The Province of Manitoba announced its inaugural social impact bond this past week. The current government has long signaled its interest in this alternative means of funding social programs. The basic idea is that private investors would be willing to fund pilot projects because they believe in doing good and the return on their investment would be an extra incentive. In theory, this would save the government/average taxpayer money in case the project was not successful as there would be no payout if expectations were not met.
To be clear, Restoring the Sacred Bond, a program designed to address the deplorable over-representation of Indigenous children in state care, is a great investment. It offers concrete solutions to the inherent systemic racism that has led to roughly 90% of Manitoban children in state care being of Indigenous decent. The Southern First Nations Network of Care and the Southern Chiefs Organization know what is needed and what they are doing. It will even help the province live up to the legislation it just passed that stipulated poverty alone cannot be a reason to apprehend a child as it will help new mothers address the soul crushing consequences of poverty. It is also a model that is already a proven success. Returning to Indigenous traditions that stood them very well until the deconstructing force of colonization, the Wiijii’idiwag Ikwewag introduced Indigenous doulas to Winnipeg’s Point Douglas neighbourhood in 2017 with great results. So why does the government not just fund it themselves? Why are we wasting time and money learning what we already know instead of just expanding?
The proposed move to SIB’s comes from an underlining belief that money has been poured into the not-for-profit sector for decades and the problems just seem to be getting worse. As a sector, we are too-often seen as either well-meaning but incompetent or just incompetent or even out to make a buck off the misery of others. A more reasonable explanation is that we are not in control of the legislation, policies and practices that have created and perpetuate the social conditions of the day. In fact, our ability to advocate for change has been severely restricted. By federal government decree, on threat of losing charitable status and having to close down, we could not spend more than 10% of our resources, funding, staff and any other in-kind contribution, on advocating for evidenced based policy changes. Thanks to Canada Without Poverty’s Supreme Court challenge, this legislation was struck down last year but with nothing replacing it, we are left in a vacuum of uncertainty.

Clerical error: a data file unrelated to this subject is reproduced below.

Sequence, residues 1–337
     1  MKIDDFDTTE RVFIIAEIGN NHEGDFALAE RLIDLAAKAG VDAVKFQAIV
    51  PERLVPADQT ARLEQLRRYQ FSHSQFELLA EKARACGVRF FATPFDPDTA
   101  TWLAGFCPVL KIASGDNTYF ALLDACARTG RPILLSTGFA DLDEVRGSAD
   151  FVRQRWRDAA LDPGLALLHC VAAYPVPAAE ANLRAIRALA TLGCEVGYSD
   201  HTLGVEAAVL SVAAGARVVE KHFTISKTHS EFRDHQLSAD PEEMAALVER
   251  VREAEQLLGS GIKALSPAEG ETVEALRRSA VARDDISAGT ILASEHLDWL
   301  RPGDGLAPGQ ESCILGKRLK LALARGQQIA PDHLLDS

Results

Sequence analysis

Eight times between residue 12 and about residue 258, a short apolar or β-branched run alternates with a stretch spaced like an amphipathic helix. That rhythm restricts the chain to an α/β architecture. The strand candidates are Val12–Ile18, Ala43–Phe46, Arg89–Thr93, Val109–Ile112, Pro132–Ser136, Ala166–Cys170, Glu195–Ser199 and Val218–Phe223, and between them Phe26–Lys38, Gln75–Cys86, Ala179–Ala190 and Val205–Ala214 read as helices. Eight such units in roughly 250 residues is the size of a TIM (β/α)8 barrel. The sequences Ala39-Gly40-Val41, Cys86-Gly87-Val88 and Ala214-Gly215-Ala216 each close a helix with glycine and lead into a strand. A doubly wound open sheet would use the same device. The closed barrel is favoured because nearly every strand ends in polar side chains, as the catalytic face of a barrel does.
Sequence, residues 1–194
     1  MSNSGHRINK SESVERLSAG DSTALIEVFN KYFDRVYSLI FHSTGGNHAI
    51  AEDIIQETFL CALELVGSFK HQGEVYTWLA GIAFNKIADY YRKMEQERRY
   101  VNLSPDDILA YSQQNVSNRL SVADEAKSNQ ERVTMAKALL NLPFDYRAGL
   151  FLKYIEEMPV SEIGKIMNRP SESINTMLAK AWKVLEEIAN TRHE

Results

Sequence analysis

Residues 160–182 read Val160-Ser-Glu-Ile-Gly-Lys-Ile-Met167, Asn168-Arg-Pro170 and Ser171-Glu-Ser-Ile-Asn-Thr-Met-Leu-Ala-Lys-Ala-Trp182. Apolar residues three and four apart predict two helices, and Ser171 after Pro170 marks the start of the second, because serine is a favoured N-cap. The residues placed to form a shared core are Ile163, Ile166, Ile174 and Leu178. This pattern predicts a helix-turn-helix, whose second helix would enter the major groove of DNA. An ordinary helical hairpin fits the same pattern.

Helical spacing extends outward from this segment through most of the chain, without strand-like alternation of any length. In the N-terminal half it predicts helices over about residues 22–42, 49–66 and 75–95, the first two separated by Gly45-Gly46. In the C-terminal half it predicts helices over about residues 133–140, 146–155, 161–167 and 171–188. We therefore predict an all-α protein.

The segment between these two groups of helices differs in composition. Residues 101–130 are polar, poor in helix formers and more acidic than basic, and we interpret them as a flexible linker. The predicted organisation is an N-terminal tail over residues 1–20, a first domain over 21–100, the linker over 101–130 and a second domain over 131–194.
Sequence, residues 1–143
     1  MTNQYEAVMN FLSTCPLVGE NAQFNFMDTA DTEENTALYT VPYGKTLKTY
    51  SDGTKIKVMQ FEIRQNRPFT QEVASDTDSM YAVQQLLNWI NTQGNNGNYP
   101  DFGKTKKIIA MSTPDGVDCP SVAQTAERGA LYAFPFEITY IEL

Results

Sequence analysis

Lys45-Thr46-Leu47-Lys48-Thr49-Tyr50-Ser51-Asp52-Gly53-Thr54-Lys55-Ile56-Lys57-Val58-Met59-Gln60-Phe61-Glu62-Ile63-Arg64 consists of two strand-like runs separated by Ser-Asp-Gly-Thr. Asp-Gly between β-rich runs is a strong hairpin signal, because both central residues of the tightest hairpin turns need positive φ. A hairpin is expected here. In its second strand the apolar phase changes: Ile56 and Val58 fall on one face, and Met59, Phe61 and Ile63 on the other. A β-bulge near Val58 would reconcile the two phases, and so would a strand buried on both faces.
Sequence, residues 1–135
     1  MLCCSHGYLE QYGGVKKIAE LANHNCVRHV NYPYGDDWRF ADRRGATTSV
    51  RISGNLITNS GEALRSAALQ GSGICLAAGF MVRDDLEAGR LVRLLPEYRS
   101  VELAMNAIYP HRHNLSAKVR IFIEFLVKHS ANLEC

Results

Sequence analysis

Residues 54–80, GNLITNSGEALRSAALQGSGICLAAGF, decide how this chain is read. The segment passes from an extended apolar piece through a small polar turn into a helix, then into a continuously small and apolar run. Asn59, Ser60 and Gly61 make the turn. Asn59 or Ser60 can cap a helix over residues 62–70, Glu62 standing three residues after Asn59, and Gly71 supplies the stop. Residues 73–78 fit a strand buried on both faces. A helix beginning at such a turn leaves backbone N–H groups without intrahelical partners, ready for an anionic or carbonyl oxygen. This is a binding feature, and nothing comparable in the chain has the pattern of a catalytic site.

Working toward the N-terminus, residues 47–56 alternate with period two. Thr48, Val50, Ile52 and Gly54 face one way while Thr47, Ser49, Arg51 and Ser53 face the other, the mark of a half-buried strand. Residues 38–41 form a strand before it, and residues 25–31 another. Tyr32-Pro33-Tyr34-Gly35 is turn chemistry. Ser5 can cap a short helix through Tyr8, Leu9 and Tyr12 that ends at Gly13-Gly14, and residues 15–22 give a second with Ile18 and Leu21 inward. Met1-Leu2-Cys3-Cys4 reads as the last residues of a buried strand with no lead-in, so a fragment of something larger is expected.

There is also the idea that by involving the private sector, the ‘real’ business people will do a better job of holding an organization or program to account. Our sector is often regarded in the same light as those we work to serve. The belief is: “If people in poverty aren’t bad managers then why, in a country as rich as Canada, with all of our social safety nets, is anyone in poverty?” The barriers created by legislation, policies and practices that amount to systemic discrimination would be the answer. It is not a coincidence that the Winnipeg Street Census 2018 once again demonstrated that the majority of those surveyed were Indigenous, had spent time in state care and 50% first became homeless immediately upon leaving that care. In today’s world, unlike the outright racism of the Residential School System, these may be unintended consequences but they are consequences all the same. We do not set people up for success but rather grudgingly give them the bare minimum to survive. Thriving is seemingly only for the privileged few for whom the stars align. The not-for-profit sector is kept on similar unreliable and subsistence living levels. It is the front-line worker, overworked, underpaid and precariously employed on contract more often than not, who has to look someone in need, in the eye, with: “I’m sorry, this is all I can do.” All the while knowing, it is not nearly enough. That’s accountability.
Social Impact Bonds are new to Manitoba but have been tried elsewhere with mixed results. Does this mean that we could not develop something new? Something so innovative that only the creative mind of an entrepreneur could see its possibilities and take the leap? Of course not. Setting the morality of taking huge risks with vulnerable people aside though, again, Restoring the Sacred Bond is not new. It is, in fact, tried and true. And just like all of the other programs out there, who can prove their efficacy, the doulas just need to be supported properly so they can guarantee their support to mothers and their babies.
If the government was promising to not just pay back investors with a profit but to then fund the successful SIBs going forward, then that would be new to the sector. Instead of having to worry about renewal every year, or in some lucky cases every three years, successful programs would know that as long as they are delivering high-quality, badly needed services, they will be funded. Just like any other business that continues to deliver an excellent and needed product can be confident in their future. As it stands now though, I am afraid that our future social media threads will hold even more Go Fund Me campaigns than they already do and then our tax dollars will be used to pay out more than it would have if the government had just funded it in the first place.
For more information on Social Impact Bonds, please check out this report by Canadian Centre for Policy Alternatives (CCPA).